It’s unfortunate that the executive order has caused so much confusion because it’s far from clear that was its intention, Jason Johns, energy partner at the law firm Stoel Rives, said in an interview. While the order could extend to utility-scale wind, solar and battery systems, it’s more likely “meant to focus on assets that are material to the reliability of our system, such as the nuclear facilities, and certainly the transmission network.”
The cybersecurity concern most likely to have prompted the executive order
A person involved in high-level DOE cybersecurity work who was not authorized to speak on the record echoed this view, saying that the executive order is the culmination of several years of work on identifying equipment used in U.S. critical infrastructure that might contain technology that could make it vulnerable to cyber-intrusion by foreign entities.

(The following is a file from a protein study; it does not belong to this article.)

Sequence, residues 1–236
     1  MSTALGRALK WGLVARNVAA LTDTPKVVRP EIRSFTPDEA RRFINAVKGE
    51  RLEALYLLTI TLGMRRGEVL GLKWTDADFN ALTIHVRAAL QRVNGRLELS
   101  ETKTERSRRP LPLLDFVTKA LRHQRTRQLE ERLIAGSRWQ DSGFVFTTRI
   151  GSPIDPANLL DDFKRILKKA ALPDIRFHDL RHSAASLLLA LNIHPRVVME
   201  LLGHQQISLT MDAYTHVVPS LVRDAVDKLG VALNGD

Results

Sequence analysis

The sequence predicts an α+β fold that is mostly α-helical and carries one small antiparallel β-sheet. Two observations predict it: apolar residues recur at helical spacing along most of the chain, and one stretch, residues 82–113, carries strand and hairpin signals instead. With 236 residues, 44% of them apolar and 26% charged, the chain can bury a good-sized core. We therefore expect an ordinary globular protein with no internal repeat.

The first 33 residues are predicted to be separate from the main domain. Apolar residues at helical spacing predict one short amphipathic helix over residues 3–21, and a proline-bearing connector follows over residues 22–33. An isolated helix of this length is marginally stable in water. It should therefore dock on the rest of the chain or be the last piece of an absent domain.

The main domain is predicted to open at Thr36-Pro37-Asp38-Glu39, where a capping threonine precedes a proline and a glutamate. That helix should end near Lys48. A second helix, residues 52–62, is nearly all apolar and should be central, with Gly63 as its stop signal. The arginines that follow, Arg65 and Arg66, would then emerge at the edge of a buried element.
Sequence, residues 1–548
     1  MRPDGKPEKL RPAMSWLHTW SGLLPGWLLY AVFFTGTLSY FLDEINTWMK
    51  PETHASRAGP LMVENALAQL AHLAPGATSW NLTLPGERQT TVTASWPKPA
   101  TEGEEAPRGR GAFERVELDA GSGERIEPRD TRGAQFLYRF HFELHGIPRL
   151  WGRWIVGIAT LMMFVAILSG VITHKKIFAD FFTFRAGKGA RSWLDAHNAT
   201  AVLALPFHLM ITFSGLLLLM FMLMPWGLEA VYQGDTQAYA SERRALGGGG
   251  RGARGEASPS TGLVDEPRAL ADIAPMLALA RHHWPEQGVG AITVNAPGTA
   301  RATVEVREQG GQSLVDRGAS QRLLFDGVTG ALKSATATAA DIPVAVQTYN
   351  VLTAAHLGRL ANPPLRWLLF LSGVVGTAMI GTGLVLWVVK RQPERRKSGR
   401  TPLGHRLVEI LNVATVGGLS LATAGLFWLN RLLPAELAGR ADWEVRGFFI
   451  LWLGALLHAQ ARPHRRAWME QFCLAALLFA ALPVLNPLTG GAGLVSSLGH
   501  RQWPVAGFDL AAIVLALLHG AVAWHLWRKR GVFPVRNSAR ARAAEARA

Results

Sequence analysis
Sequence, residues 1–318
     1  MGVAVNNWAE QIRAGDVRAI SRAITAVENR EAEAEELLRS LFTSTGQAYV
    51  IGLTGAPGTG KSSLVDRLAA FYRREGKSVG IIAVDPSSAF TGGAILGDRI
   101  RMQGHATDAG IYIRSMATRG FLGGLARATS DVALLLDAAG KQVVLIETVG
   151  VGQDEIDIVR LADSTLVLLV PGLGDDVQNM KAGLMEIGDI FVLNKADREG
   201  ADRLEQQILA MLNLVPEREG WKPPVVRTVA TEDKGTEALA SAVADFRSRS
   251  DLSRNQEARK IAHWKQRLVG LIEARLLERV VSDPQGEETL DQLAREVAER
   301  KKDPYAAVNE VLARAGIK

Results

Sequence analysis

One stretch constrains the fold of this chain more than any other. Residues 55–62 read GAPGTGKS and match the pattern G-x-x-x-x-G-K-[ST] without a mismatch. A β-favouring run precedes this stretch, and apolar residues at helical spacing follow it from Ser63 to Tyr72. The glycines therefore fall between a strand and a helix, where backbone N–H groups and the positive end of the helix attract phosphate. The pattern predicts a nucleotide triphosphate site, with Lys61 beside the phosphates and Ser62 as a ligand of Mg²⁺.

One of the groups behind this effort is the Cyber Solarium Commission, created under the 2019 National Defense Authorization Act to develop a governmentwide approach to protect against cyberattacks "of significant consequences.” The commission’s March report highlighted China, Russia, Iran and North Korea as potential threats, and called for “private-sector entities to step up and strengthen their security posture.”
The second is the Cyber Testing for Resilience of the Industrial Control Systems (CyTRICS) program, part of DOE’s Office of Cybersecurity, Energy Security, and Emergency Response. CyTRICS is designed to provide “testing and enumeration of critical electrical components” to “identify both systemic and supply chain risks and vulnerabilities,” DOE Assistant Secretary Karen Evans told the House of Representatives Energy and Commerce Committee's Energy Subcommittee in a July 2018 hearing focused on whether technology from China’s Huawei and ZTE — two companies that have become the focus of U.S. national security concerns — is making its way into bulk power system equipment.